Never confuse a service-oriented architecture with a Web service, says Graham Glass, author of "Web Services: Building...
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Blocks for Distributed Systems." A company can have one without the other, but together they make a great team, he says. Glass, chief architect of Addison, Texas-based software infrastructure vendor Mind Electric Inc., is one of the speakers at this week's XML Web Services One conference in Boston. In an interview with SearchWebServices.com, he discussed how SOAs fit into his concept of a "Web services fabric."
Is it incorrect to lump Web services and service-oriented architecture (SOA) together as a single technology?
Graham Glass: Yes, this is incorrect. You can create an SOA without Web services, or create a non-SOA system using Web services. However, SOA and Web services are a perfect match, and we think that modern SOAs should be built out of Web services.
Is a service a 'component' -- or an 'object' with a coarse-grained, business-level interface?
Glass: Not necessarily. In some circumstances, it might make better sense for a service to have a fine-grained interface. However, most of the time it is appropriate for a service to have a course-grained API.
Can you give some general guidelines about what can and cannot be effectively turned into a service?
Glass: Pretty much any piece of software can be exposed as a collection of services. The tricky part is figuring out how to group the functionality appropriately and how course-grained to make each operation.
Your company preaches that there's wealth to be mined by turning legacy systems into services. What does that entail?
Glass: Most legacy systems have associated products that can expose the legacy software very quickly as Web services. For example, there are products that expose CICS [Customer Information Control System] transactions as services, EJBs [Enterprise Java Beans], SAP end points, Oracle databases, etc. Such tools also often include graphical tools to simplify the mapping of the legacy data structures onto XML.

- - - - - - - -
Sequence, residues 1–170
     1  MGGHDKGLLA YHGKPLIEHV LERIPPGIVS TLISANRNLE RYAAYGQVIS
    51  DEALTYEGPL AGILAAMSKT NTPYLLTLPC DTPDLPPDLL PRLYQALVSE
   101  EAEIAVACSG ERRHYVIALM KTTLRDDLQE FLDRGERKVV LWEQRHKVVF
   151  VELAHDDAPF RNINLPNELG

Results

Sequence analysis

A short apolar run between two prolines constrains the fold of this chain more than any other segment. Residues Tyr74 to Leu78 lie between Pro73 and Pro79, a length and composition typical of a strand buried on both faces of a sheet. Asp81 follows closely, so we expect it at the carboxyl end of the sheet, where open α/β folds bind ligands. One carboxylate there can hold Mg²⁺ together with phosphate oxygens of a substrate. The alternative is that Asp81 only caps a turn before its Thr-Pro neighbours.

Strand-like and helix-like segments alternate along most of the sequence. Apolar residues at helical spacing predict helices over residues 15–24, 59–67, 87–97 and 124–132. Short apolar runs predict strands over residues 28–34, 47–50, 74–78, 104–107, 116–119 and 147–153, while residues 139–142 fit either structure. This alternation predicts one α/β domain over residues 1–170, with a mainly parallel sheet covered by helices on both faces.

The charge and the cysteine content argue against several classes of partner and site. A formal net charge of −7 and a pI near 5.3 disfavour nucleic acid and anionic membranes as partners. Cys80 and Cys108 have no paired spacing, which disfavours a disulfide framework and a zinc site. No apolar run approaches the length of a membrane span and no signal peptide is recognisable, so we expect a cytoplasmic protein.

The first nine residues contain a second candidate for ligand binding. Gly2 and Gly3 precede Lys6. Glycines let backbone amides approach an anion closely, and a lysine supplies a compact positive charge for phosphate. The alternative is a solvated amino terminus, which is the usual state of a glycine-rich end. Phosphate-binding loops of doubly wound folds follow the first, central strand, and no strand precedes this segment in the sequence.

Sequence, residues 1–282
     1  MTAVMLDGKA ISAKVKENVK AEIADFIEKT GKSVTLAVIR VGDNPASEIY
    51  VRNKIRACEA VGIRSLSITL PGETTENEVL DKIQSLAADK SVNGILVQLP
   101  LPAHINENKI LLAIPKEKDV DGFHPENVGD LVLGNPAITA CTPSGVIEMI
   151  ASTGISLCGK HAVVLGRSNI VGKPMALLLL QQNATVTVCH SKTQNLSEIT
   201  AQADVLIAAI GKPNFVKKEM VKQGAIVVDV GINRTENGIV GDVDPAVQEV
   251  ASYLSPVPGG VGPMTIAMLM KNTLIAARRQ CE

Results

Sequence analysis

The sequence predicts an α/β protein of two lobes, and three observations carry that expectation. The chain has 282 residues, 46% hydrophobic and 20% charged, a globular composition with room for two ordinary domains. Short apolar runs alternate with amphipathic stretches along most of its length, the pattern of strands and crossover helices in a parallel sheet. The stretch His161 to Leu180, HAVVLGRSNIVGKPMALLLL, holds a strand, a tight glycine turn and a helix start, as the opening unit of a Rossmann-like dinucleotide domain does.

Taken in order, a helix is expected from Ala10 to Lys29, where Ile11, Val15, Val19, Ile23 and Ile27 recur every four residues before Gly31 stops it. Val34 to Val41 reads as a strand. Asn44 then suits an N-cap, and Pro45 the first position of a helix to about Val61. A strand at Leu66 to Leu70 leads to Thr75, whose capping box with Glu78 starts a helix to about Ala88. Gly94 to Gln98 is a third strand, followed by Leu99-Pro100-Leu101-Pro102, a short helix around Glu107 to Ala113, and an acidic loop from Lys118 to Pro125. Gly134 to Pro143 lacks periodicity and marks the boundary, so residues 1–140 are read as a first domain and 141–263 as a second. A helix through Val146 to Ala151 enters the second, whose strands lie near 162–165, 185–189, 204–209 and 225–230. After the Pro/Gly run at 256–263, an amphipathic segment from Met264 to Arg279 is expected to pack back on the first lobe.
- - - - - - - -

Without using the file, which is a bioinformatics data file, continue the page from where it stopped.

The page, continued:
I notice in your weblog that you coined the term 'Web services fabric.' You also mentioned that you heard it used at the recent [Burton Group] Catalyst conference. What's your definition of the term? How are others using it?
Glass: I wanted to create a simple phrase that describes infrastructure for assembling systems out of Web services -- as opposed to the services themselves. This includes functionality such as publishing, discovering, monitoring, routing, failover, security and orchestration. I also wanted the phrase to connote something highly decentralized.
I eliminated the term 'grid' -- although I've always liked this term and have used it in a couple of my books -- because it has become closely associated with CPU sharing and creating supercomputers out of commodity servers.
I noticed that in the older days of DCE [Distributed Computing Environment], they would often use the term 'substrate' or 'fabric' in a more general manner to connote a ubiquitous infrastructure into which services -- in those days, CORBA [Common Object Request Broker Architecture] -- are embedded. Then I added the term 'Web services' at the front to make the phrase 'Web services fabric.' I floated this phrase about a year ago and it seems to be becoming quite popular. Our new product, Glue Fabric, is a state-of-the-art implementation of these ideas.
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